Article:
Senior Memory Loss: Signs & Prevention

General Steward Health Care

To find a doctor or schedule an appointment, visit Steward DoctorFinder™.

Your loved one has been forgetting things lately – an appointment, where he or she placed their keys, or even a friend’s name. Are these memory lapses a sign of normal aging? September is recognized as World Alzheimer’s Month. Some 4.5 million Americans suffer from the disease, which affects parts of the brain that control memory and language; however, occasional forgetfulness doesn’t always mean someone has Alzheimer’s. If it happens regularly though, it could be cause for concern.

We sat down for a Q&A with Karen Tripp, RN, LMT, complementary therapy and behavioral health nurse at Morton Hospital, to learn more.

oldpeopleWhat are some common warning signs of potential memory loss?

With normal aging there can be a decline in brain function with some memory loss. In the case of a brain disease such as Alzheimer’s disease, the loss is progressive. Forgetting or misplacing your keys is considered normal memory loss. Forgetting where to sign a check, on the other hand, is considered abnormal.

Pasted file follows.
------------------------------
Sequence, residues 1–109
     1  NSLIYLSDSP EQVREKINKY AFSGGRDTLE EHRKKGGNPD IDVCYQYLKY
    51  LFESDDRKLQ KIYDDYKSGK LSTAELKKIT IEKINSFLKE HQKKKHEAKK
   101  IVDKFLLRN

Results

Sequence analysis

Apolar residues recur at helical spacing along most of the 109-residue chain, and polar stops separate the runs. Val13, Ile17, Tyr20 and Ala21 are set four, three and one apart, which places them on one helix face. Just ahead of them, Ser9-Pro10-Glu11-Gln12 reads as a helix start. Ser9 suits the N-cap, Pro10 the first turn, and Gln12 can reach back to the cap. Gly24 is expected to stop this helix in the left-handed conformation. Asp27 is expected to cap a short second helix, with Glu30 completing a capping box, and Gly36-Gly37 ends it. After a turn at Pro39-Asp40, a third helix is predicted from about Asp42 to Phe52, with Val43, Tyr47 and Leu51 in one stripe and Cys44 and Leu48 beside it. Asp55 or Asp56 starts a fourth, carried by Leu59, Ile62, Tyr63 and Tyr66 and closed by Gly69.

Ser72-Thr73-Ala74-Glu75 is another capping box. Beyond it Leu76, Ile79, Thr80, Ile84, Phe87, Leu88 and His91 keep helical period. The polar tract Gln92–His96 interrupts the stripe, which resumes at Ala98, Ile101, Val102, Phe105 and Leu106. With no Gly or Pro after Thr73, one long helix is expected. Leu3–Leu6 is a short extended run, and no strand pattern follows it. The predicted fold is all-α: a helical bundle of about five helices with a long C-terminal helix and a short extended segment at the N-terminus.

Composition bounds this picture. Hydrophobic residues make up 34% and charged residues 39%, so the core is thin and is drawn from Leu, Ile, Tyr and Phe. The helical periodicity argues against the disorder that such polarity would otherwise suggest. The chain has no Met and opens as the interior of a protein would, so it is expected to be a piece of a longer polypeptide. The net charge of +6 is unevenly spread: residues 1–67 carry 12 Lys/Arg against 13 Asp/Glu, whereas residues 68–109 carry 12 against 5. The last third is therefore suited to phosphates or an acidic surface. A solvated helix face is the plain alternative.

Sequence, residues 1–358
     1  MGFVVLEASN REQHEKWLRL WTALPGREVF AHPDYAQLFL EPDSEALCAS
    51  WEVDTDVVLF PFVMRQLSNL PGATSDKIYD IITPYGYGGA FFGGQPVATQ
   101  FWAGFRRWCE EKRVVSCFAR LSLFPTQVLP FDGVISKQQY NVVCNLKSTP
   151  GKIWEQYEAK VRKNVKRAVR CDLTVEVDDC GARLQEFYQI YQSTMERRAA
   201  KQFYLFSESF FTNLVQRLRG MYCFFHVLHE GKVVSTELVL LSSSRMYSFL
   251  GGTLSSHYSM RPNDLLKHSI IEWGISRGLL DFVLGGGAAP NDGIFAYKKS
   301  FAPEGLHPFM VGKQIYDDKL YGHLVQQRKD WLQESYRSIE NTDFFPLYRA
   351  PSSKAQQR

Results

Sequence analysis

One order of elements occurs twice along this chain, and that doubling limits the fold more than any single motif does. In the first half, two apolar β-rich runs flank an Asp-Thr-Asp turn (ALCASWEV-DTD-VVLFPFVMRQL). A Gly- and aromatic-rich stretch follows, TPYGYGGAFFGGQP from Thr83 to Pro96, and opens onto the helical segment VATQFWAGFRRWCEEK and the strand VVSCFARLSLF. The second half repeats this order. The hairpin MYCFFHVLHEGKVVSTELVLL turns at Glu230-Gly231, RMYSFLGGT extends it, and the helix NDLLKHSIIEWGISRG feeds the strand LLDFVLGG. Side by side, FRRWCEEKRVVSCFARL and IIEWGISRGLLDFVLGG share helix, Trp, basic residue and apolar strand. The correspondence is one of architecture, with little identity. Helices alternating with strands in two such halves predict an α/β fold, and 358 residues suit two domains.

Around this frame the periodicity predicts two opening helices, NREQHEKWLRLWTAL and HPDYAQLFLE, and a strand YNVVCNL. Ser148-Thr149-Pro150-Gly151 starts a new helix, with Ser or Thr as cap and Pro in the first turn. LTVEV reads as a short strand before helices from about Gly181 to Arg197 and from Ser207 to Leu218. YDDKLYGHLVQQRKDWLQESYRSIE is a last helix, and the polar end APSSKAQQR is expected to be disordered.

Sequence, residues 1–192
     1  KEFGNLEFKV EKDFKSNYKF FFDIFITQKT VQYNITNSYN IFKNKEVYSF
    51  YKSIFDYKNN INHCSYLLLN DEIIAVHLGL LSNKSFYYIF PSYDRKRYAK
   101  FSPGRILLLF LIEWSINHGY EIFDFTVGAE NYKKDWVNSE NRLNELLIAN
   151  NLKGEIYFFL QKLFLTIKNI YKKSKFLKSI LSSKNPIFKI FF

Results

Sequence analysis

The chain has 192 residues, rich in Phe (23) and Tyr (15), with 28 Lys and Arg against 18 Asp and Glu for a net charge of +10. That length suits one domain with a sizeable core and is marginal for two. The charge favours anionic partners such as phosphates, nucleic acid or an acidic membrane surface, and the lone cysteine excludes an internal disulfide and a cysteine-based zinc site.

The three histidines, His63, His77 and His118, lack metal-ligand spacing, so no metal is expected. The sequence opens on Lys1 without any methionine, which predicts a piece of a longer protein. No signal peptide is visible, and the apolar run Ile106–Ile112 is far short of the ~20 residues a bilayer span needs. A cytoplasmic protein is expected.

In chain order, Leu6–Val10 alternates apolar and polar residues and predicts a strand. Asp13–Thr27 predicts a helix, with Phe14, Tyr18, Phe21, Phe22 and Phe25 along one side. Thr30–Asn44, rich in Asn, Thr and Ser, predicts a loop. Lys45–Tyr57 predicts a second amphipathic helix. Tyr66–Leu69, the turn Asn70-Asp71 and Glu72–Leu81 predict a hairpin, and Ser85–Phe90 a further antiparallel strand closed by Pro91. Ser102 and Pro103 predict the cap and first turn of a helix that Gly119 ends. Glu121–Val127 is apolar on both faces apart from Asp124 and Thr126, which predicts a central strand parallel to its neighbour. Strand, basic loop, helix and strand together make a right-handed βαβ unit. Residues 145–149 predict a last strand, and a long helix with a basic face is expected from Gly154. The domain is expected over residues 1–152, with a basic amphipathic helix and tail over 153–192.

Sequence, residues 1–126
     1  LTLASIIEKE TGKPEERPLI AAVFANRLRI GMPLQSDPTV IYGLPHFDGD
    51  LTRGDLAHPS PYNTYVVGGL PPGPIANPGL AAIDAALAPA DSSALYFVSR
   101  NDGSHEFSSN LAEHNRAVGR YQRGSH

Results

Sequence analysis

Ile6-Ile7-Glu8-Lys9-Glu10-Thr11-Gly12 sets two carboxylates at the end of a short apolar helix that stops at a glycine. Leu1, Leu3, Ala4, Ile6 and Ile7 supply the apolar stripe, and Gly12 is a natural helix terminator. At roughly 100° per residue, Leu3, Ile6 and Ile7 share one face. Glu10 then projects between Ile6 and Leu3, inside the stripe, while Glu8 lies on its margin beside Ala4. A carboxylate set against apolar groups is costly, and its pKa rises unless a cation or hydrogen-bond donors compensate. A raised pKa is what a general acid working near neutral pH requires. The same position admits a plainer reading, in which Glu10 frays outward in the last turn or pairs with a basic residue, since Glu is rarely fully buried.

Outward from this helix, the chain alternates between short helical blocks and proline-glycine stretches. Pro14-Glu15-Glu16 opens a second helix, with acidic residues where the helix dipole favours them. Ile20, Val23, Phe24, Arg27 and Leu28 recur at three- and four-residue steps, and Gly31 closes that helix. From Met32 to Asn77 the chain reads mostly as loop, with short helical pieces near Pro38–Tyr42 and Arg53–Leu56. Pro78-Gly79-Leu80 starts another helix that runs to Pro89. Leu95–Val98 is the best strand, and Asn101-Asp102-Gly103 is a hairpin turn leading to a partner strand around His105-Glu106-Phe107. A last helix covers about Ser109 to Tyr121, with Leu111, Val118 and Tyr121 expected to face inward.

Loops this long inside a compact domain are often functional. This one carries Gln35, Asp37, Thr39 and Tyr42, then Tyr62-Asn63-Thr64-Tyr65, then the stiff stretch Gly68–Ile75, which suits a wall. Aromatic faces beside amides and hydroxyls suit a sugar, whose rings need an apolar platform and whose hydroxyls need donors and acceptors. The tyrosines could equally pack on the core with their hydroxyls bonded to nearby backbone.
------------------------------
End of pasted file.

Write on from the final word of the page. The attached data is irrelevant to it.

Is Alzheimer’s disease the same as dementia?

Alzheimer’s Disease is the most common form of dementia and is considered “primary dementia” because it does not result from any other disease.

Are memory loss and dementia preventable?

There are different forms of dementia. Some are reversible and others are progressive. This is why it is important to seek medical attention if one is experiencing mental status or behavioral changes. It is important to rule out other conditions that may cause similar symptoms, such as stroke, depression, or medication issues.

rubicscubeWhat are the best ways to keep my mind healthy?

Stay active mentally and physically. Take care of your physical needs: doctors’ appointments, medication and physical activity. And just as important is taking care of your mental needs: engage in hobbies, activities and interests (music, painting, adult coloring, simple household tasks, visiting gardens or museums, reading the newspaper, word searches, puzzles, etc.).

What’s the best way to help a parent or loved one who may be experiencing symptoms of memory loss or dementia?

Educate yourself. There are many resources on the Internet, local support groups, and available books. Take care of yourself, use a calm and supportive approach, and ask for help.

For more information about common signs and symptoms of memory loss and dementia, join Karen for “Understanding Memory Loss, Dementia and Alzheimer’s Disease” on Tuesday, October 4th at 5 pm at Morton Hospital. This “Senior Supper” program is free and open to the community. To register, call Steward DoctorFinder at 800-488-5959.

Learn more about behavioral health services at Morton Hospital.

To find a doctor or schedule an appointment, visit Steward DoctorFinder™.